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protected open spaces, forests, watersheds and shorelines in the San Juan Archipelago on more than 15,000 acres on 20 islands. Perhaps the greatest distinction between San Juans and Long Island is the variety of outdoor recreation available in the former. With their resident Orca (killer whale) population, the islands are a popular venue for whalewatching, and the diverse landscape the islands share is home to the largest concentration of bald eagles in the contiguous U.S. The islands enjoy four seasons of mild temperate weather, and far less precipitation than the southern Puget Sound thanks to the Olympic Rain Shadow cast by the mountainous Olympic Peninsula to the southwest. Extreme weather is exceedingly rare in the islands, and the topography allows all sorts of outdoor activities year-round.

state-managed and private ferries as well as two airlines offer regular service to and from the San Juan Islands. Getting there can be half the fun with seaplanes and yachts—consider the seemingly unmatched experience of transferring one’s yacht and loved ones from the safe harbor of a Lake Washington berth through the Ship Canal and descending the Hiram M. Chittenden Locks in Ballard into the relatively protected waters of Puget Sound. Within a few hours, all have arrived at their personal sanctuary by the sea—a respite from the mainland and likely, an investment like no other. The San Juans have always shared in common with Long Island destinations the popularity of boating and fishing, and these continue unabated. But the forested slopes of the San Juans and their innumerable trails offer yet more opportunities for exploration in a still-pristine natural environment. An acquaintance of John Muir, Robert Moran intended it to stay that way; and to that end he forbade hunting on his property. Wildlife remain among the many wonders to be enjoyed in the islands. In fact, since 1979 the San Juan Preservation Trust has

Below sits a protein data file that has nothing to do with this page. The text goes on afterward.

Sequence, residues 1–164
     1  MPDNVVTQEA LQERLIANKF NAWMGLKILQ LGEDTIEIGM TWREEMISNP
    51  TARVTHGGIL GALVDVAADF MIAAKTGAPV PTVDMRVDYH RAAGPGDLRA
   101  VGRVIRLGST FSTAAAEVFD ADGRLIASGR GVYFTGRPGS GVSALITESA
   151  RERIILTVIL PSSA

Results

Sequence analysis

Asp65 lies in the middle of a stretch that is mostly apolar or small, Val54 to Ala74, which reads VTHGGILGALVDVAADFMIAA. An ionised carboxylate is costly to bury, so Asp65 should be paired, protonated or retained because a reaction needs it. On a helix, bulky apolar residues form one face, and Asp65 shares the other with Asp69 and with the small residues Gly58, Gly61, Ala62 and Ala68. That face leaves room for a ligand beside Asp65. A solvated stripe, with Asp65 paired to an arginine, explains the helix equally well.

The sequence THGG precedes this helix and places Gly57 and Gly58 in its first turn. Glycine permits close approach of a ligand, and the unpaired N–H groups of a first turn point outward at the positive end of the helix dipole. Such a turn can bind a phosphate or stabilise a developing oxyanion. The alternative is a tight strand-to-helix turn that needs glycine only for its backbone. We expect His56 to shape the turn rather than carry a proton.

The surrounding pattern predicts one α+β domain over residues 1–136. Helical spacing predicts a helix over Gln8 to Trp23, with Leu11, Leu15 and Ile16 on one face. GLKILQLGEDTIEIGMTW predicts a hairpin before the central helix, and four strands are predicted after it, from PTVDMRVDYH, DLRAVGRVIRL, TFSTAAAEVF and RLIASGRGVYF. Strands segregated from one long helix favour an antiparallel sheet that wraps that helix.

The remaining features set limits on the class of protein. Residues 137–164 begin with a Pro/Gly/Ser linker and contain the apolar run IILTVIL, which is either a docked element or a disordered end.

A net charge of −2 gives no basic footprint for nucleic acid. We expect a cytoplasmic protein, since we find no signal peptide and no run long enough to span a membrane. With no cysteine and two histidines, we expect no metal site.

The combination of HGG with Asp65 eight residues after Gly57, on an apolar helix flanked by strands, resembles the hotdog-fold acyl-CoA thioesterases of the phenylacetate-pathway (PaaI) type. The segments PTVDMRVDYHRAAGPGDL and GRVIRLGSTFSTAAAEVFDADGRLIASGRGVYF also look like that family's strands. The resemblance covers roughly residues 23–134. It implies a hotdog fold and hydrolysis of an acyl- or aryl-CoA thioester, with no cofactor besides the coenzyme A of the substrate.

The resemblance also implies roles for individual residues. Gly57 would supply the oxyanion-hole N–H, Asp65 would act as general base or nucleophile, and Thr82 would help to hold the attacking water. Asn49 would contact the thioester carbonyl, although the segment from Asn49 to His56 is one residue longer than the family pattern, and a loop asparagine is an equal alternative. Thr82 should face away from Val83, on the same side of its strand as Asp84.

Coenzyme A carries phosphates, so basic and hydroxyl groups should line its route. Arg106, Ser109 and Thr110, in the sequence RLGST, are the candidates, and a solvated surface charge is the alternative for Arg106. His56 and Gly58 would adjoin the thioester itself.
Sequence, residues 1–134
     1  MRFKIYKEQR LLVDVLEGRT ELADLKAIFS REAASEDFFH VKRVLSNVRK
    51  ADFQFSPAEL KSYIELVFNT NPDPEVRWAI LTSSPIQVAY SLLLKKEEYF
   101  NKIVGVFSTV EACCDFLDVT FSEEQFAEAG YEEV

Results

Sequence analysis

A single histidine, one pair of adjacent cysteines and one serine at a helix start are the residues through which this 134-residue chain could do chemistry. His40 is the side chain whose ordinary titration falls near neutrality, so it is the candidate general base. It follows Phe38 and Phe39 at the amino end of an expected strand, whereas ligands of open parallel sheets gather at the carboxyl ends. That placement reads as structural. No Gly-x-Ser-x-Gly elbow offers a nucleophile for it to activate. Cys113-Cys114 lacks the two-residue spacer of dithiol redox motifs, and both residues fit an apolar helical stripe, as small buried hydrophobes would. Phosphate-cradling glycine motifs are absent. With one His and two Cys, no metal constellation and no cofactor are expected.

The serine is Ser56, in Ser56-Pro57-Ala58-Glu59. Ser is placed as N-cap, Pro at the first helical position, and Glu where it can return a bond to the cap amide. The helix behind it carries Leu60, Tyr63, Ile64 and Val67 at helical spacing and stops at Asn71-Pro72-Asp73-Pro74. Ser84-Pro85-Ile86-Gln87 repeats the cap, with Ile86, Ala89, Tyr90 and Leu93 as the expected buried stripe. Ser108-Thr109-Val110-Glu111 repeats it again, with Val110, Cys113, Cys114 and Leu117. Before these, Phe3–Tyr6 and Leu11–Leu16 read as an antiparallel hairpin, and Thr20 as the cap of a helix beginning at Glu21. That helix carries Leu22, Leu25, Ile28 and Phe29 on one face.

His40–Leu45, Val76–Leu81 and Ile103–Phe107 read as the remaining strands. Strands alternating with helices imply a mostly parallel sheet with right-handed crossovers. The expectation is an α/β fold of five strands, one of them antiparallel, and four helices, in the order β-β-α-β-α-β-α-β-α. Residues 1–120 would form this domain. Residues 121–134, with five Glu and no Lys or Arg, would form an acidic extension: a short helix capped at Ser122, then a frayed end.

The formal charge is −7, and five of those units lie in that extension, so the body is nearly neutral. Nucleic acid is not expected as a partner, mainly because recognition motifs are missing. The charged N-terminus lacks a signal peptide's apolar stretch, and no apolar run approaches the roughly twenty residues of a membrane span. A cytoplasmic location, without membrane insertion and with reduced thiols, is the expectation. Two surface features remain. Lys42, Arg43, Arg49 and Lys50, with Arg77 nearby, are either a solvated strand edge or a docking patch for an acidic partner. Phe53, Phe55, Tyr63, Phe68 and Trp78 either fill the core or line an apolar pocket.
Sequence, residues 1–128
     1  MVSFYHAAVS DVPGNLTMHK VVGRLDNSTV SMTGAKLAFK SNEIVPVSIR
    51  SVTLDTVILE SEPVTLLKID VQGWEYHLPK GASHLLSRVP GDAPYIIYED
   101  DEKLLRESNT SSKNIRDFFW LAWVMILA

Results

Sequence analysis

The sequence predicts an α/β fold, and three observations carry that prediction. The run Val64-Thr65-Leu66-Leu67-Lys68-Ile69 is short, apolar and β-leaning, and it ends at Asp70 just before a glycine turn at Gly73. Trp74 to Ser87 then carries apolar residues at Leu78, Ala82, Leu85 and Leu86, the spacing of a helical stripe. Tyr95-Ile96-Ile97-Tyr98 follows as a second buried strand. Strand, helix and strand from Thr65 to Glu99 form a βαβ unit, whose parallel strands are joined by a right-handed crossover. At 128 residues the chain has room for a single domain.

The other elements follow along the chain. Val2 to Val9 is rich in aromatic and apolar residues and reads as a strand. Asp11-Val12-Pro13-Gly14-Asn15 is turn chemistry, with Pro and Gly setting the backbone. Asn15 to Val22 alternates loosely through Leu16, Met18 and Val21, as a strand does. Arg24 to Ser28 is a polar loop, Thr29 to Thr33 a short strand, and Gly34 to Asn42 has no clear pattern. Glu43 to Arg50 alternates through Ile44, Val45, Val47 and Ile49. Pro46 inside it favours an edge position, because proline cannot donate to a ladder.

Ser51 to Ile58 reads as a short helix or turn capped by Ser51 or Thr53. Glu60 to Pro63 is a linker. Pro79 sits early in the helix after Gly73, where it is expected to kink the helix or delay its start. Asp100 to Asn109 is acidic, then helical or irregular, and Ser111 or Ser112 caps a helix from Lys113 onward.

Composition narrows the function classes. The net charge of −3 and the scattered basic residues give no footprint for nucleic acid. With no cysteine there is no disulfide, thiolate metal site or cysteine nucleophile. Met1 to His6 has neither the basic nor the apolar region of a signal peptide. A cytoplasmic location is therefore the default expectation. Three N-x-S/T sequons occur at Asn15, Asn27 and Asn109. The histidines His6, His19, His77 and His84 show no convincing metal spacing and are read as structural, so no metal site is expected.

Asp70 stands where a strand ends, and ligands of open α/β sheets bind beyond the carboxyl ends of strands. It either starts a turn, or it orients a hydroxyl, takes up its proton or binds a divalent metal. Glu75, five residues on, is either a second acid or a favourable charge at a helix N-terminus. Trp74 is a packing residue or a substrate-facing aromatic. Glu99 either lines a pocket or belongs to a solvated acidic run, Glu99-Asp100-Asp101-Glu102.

Exit Plans for a Second Home Purchase | While many homeowners reach a stage at which they expect never to leave their home, this is perhaps more true of legacy homeowners than of any others. However, the uncertainties of life require all homeowners to plan for what will happen to their home should (and ultimately, when) circumstances change. Aging, the financial resources of heirs, potential divorce, and even unexpected relocation necessitate forward thinking about what will become of this most treasured asset. Some homeowners with unusually distinctive properties may commit them as lasting contributions benefiting others. As in the case of Robert Moran’s unimproved property, excess acreage can be dedicated to municipal parkland, a wildlife refuge, or to municipal or foundation-managed trust lands. Several qualified entities in San Juan County are engaged in preservation to which properties may be dedicated or otherwise devised. Homes with historic significance can be entrusted to a historical society or municipal government for purposes of historic preservation; or again in the case of Rosario, sold to a private owner with stipulations as to future dedication and transfer of ownership. Properties without historic value can be partitioned or sold with the proceeds divided among the heirs as devised in the homeowner’s will. Selling requires patience, as sales of distinctive homes such as these do tend to take longer than down-market sales. In 2015, days on market of homes for sale in the most exclusive neighborhoods of Long Island ranged from 91 to 2464. Similarly, days on market throughout the San Juan Islands averaged 247 over the past 12 months, with a median of 141 days. By comparison, sales of homes priced at $2 million and up in Seattle averaged 83 days on market, with a median of 345.


Legacy Homes Report 2016  

LEGACY HOME REPORT A legacy home is most often an expansive home, large enough to accommodate an extended family and guests, with fea...

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